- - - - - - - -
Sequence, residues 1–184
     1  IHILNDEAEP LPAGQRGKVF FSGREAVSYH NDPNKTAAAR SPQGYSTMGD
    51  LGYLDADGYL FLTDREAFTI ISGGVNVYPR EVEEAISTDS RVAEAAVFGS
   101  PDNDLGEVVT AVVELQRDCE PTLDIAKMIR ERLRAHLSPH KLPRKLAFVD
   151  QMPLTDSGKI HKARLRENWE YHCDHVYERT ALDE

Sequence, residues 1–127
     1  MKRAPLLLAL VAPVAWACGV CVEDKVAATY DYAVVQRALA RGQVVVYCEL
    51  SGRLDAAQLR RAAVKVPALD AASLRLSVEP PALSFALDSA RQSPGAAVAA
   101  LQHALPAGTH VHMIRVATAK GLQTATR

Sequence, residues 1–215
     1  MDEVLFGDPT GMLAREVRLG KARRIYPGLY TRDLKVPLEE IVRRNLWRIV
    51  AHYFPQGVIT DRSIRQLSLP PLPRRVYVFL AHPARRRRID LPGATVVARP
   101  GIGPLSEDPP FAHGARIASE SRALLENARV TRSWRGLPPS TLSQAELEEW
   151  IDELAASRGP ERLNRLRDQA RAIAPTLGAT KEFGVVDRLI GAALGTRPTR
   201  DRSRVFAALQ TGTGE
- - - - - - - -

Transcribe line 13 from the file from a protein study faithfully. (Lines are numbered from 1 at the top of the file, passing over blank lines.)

   101  GIGPLSEDPP FAHGARIASE SRALLENARV TRSWRGLPPS TLSQAELEEW